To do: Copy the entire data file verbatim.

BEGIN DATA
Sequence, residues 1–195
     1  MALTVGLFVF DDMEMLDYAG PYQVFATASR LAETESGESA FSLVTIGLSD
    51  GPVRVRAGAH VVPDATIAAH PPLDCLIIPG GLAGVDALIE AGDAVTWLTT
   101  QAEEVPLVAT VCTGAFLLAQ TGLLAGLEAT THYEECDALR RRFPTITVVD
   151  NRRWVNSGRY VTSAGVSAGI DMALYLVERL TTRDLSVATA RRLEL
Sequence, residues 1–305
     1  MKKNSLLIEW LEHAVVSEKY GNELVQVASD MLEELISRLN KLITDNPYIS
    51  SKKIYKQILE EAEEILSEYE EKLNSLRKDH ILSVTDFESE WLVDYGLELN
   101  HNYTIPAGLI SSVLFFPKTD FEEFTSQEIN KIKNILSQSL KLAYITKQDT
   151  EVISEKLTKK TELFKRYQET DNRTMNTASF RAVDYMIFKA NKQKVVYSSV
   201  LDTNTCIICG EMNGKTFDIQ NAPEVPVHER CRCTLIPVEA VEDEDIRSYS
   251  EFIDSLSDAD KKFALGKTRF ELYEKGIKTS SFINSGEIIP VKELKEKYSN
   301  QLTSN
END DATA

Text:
Sequence, residues 1–195
     1  MALTVGLFVF DDMEMLDYAG PYQVFATASR LAETESGESA FSLVTIGLSD
    51  GPVRVRAGAH VVPDATIAAH PPLDCLIIPG GLAGVDALIE AGDAVTWLTT
   101  QAEEVPLVAT VCTGAFLLAQ TGLLAGLEAT THYEECDALR RRFPTITVVD
   151  NRRWVNSGRY VTSAGVSAGI DMALYLVERL TTRDLSVATA RRLEL
Sequence, residues 1–305
     1  MKKNSLLIEW LEHAVVSEKY GNELVQVASD MLEELISRLN KLITDNPYIS
    51  SKKIYKQILE EAEEILSEYE EKLNSLRKDH ILSVTDFESE WLVDYGLELN
   101  HNYTIPAGLI SSVLFFPKTD FEEFTSQEIN KIKNILSQSL KLAYITKQDT
   151  EVISEKLTKK TELFKRYQET DNRTMNTASF RAVDYMIFKA NKQKVVYSSV
   201  LDTNTCIICG EMNGKTFDIQ NAPEVPVHER CRCTLIPVEA VEDEDIRSYS
   251  EFIDSLSDAD KKFALGKTRF ELYEKGIKTS SFINSGEIIP VKELKEKYSN
   301  QLTSN